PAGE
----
The Day – 2022 Toyota Tundra debuts hybrid engine, 12,000 pound towing capacity
Success in the full-size pickup market has been elusive for Toyota so far, but the automaker is putting its A-game to the fray with its 2022 Tundra, a muscular new truck that has the Ford F-150, Chevy Silverado and Ram 1500 in his views.
The top-of-the-line Tundra model will be the first pickup to benefit from Toyota’s legendary hybrid technology to increase fuel economy and performance. The ’22 Tundra, which is completely new and goes on sale in late 2021, will also have a towing capacity of 12,000 pounds and independent rear suspension like the Ram 1500.
The Detroit Three’s pickups are moving targets, however. Ford is already in blitz mode to promote the upcoming electric F-150 next spring. News of a matching electric Silverado and a GMC Sierra is expected soon. Gasoline-powered pickup trucks will remain the vast majority of sales for at least the rest of this decade, but Toyota remains less enthusiastic about electric vehicles than Ford and GM.
However, the improvements to the Tundra are significant, bringing new capabilities, convenience and comfort.
âFrom the start, our design goal was to create the most powerful, rugged and sophisticated full-size pickup that would take the Tundra to a whole new level,â said Kevin Hunter, president of the design group. American Toyota. âBecause recreation and an outdoor lifestyle are at the heart of the Toyota truck identity, we set out to create a muscular, chiseled and athletic design that also appears to be able to meet the toughest towing demands. “
Prices, fuel consumption and other information will be announced closer to sales. Tundra 2021 prices started at $ 35,365. 2022 is expected to start a few hundred dollars away.
The new collection bed can carry more
The new Tundra will offer a pair of four-door cabins and 5.5, 6.5, and 8.1-foot beds. It has a fully boxed high strength steel frame and an aluminum reinforced composite bed. Toyota engineers widened the frame at the rear to improve driving and towing stability. The frame also has more and larger cross members for greater rigidity.
Higher trim levels – Limited, Platinum, 1794 and TRD Pro – benefit from hydraulic cab mounts for added comfort.
Toyota claims that the Molded Sheet Composite (SMC) bed is lighter and more dent resistant than metal.
In addition to the increase in towing (to a maximum of 10,200 pounds on the Model 21), payload – the amount the truck can carry in the bed and cab – increases by 210 pounds to 1,940.
The front suspension gets a double wishbone layout.
Prices are to be determined.
Toyota Tundra 2022 trim levels
â¢ Platinum limited
â¢ TRD Pro
Toyota built its reputation as a pickup on the off-road performance of its small Tacoma pickup, and the Tundra offers a number of off-road advantages, including Bilstein monotube shocks.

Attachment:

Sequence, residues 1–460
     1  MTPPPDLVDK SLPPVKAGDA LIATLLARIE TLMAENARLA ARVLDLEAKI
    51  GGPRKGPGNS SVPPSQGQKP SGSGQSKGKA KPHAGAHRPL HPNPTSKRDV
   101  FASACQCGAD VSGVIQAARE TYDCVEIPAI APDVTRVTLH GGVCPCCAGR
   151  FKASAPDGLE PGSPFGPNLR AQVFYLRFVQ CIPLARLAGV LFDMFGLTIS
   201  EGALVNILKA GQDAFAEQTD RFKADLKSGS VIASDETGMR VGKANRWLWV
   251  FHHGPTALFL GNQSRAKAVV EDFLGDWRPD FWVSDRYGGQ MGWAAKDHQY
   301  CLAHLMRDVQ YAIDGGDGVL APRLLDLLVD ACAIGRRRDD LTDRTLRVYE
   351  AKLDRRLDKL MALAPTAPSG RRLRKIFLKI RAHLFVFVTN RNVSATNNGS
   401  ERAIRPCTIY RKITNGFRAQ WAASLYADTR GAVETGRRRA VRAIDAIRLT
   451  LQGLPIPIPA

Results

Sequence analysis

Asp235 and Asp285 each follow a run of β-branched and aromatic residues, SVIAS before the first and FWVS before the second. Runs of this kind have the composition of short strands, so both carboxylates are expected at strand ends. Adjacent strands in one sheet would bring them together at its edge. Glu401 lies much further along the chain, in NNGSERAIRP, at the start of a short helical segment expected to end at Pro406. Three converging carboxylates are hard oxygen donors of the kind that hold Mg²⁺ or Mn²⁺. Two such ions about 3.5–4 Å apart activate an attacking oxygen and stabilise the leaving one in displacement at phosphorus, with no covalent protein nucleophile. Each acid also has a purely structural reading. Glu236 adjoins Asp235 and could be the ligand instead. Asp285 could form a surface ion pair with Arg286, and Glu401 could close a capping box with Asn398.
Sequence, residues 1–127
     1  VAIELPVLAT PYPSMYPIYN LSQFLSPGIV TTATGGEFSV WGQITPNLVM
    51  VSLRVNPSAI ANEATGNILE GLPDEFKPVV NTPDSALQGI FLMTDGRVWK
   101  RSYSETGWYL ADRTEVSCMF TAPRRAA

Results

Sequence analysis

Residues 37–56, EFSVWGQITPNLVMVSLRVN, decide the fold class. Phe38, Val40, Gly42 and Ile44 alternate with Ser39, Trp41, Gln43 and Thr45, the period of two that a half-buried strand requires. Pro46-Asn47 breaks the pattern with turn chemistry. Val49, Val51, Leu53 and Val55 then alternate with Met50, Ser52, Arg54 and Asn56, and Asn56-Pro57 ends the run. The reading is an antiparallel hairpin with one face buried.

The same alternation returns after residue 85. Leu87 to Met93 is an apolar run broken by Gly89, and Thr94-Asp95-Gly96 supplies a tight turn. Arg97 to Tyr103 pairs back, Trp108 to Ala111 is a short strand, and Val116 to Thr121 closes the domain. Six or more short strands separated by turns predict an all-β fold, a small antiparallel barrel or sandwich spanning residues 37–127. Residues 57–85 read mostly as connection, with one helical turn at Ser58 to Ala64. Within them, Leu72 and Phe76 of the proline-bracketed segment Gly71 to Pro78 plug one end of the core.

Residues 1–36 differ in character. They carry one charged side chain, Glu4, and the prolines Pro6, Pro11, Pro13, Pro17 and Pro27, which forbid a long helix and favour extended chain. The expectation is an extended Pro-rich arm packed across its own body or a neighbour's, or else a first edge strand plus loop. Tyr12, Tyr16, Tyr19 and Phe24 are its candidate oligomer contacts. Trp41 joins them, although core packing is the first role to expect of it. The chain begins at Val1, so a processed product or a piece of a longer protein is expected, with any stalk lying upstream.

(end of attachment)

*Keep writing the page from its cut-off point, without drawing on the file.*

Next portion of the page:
The top-of-the-line TRD Pro model increases the bet with Fox 2.5-inch off-road racing shocks, which also result in a 1.1-inch increase in front lift. An electronic system that manages the brakes, accelerator and traction – freeing the driver from all obligations except steering – is available.
An optional air suspension has self-leveling capability and three heights – normal, high for off-roading, and low for easy loading. The suspension automatically returns to normal height when it reaches the programmed speeds: 18 mph at high speed, off-road, and 8 mph when it begins to move after using the low to load cargo.
Two powerful turbo V6 engines
The Tundra abandons the choice of previous models of V6 or normally aspirated V8 in favor of two twin-turbo 3.5-liter V6s, one electrically augmented by a hybrid system.
The base V6 produces 389 horsepower and 479 pound-feet of torque. Both are improvements over the 5.7L V8 that powered the 2021 Tundra. It produced 381 horsepower and 401 pound-feet of torque.
The addition of a hybrid electric motor brings the power of the 2022 Tundra to 437 horsepower and 583 pound-feet of torque.
A 10-speed automatic transmission is standard. It replaces a six-speed automatic transmission that is in the ’21 model.
The Tundra is the first vehicle that Toyota offers an in-house developed infotainment system.
Using an 8- or 14-inch touchscreen, the system responds to smartphone-like movements, such as pinching to zoom. There is also a dial for volume, but none for adjustment. The temperature and fan speed are controlled by toggles.
Apple CarPlay and Android Auto wireless are standard.
Toyota’s new virtual assistant responds to wake-up commands, including “Hey / Hi / Hello / OK Toyota”. These choices seem to invite false positives, which I’ll check out when I review a Tundra in a few weeks.
The navigation system uses cloud-based data for locations and points of interest. Toyota says the system will detect approach areas with poor connectivity and cache directions before losing access to the cloud.
User profiles for air conditioning and audio are also saved in the cloud.
Safety and driving assistance
Standard safety systems include pre-collision alerts with pedestrian and cyclist detection, and alerts for oncoming pedestrians and vehicles when making a left turn at an intersection. The system also stabilizes the driver’s steering action while avoiding a pedestrian, cyclist or vehicle.
Other features include adaptive cruise control, lane departure alerts and lane balance.
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